Labour women, on the other hand—especially those who, like Angela Rayner, are seen as high-fliers and potential future leaders—do have to care, and arguably that makes it more complicated for them to address their own party’s lad culture problem. When the question of Rayner’s role in the creation of the Mail story surfaced, she explained the reports of her ‘laughing and joking’ by pointing out that women confronted with sexism often go along with it to save face, though in reality they’re mortified and disgusted. Many women (me included) will recognise this account of their behaviour–though if it’s true that Rayner joked about her ‘ginger growler’ that sounds more like actively engaging in laddish banter than just passively going along with it. But if you’re serious about challenging sexism, don’t you at some point have to say enough is enough, even if it makes you unpopular?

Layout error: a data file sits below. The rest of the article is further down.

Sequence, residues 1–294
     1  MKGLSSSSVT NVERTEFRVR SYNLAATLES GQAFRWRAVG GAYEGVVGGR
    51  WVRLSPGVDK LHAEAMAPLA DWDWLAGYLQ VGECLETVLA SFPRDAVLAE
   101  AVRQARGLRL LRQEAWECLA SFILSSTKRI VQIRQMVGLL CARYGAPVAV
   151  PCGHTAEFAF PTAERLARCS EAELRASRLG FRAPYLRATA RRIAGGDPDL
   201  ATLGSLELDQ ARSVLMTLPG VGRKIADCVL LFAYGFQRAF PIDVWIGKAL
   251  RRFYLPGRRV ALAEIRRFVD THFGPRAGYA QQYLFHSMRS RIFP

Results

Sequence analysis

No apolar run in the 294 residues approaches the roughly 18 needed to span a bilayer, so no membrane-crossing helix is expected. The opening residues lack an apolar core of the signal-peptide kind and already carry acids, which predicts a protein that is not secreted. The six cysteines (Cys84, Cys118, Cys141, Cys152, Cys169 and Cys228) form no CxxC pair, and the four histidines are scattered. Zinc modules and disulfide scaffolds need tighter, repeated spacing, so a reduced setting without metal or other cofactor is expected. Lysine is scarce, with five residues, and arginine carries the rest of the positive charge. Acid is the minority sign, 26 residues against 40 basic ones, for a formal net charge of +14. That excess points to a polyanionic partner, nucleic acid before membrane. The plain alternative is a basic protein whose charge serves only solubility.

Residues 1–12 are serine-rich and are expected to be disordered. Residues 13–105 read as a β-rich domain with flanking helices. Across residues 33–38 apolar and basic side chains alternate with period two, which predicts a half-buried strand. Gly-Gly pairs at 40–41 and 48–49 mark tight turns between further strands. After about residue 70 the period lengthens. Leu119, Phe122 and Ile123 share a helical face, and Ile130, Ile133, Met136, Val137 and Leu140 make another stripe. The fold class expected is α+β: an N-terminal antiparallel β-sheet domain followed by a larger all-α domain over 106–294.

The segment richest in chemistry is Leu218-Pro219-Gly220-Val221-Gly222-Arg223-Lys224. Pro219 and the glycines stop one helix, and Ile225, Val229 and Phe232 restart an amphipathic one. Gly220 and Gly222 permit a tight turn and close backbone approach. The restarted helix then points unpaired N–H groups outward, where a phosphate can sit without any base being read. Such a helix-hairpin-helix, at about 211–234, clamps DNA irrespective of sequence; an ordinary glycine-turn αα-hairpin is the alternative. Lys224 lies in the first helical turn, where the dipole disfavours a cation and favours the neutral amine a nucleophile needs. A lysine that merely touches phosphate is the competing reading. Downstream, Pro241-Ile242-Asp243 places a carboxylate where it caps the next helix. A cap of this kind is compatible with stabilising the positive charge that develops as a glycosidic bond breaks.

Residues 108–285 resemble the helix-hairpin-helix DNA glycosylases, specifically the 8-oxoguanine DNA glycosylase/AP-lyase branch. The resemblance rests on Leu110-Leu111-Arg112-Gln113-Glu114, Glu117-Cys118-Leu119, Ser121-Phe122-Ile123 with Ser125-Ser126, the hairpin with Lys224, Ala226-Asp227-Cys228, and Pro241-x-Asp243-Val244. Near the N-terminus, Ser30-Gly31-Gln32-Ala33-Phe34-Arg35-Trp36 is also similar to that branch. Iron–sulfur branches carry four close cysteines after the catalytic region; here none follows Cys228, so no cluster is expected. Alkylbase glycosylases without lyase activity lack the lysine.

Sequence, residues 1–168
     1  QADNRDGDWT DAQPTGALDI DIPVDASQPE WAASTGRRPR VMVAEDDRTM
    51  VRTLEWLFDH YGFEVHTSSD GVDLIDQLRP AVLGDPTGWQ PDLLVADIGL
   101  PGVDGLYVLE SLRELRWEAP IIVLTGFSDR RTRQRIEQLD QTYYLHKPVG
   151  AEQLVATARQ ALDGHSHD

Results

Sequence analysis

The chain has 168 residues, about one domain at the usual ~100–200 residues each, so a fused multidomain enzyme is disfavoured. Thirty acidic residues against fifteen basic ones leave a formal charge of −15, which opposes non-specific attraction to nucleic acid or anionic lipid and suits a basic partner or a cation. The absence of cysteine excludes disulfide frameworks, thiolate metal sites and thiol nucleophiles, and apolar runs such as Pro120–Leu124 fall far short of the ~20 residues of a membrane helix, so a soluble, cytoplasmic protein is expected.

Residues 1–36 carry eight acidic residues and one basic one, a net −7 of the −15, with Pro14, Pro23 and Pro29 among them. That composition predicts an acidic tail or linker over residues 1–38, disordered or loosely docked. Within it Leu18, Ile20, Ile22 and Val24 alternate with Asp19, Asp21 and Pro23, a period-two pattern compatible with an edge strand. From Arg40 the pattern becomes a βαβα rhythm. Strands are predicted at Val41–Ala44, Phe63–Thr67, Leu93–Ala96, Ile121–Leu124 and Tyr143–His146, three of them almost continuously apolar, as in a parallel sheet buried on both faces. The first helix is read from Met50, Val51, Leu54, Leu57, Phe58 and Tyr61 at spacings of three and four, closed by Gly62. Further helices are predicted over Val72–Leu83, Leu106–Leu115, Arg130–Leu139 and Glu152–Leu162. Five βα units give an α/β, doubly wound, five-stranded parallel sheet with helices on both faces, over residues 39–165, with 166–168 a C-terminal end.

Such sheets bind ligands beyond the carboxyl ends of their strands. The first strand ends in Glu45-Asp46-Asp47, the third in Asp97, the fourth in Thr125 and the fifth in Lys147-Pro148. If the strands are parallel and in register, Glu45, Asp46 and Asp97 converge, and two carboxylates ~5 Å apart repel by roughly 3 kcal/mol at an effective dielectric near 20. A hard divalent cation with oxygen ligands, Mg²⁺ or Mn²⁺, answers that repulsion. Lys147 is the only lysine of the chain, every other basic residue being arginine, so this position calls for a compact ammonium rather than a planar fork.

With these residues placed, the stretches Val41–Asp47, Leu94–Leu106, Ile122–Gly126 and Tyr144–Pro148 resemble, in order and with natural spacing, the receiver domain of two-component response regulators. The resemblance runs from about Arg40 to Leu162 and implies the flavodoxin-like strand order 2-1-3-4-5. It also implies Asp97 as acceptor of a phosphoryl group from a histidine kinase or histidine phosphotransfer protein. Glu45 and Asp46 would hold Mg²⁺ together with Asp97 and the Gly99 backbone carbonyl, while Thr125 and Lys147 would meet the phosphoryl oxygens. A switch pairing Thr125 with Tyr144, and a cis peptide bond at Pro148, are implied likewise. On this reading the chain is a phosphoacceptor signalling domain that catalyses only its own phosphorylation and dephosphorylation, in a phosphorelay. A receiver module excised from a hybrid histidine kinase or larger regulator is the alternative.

Women who worry about the consequences of challenging sexism are not wrong to fear the backlash, but they shouldn’t think appeasement will protect them either. No successful female politician of any party can entirely escape from sexism and misogyny, because the issue isn’t how she behaves, it’s simply that she’s a woman trespassing on what (some) men still consider their turf. Those men will always resent her, and will relieve their feelings by doing and saying things which are meant to remind her where she really belongs. That’s why cartoonists represented Theresa May as a stiletto-heeled dominatrix, and Marine Le Pen has been depicted as a streetwalker in fishnets taking money from Vladimir Putin. But at least the Le Pens of the world can cast themselves in other roles, like the matriarch or the resourceful housewife. I understand why women on the Left reject those female archetypes, but one of the lessons we could learn from this week’s events is that they urgently need to find alternatives.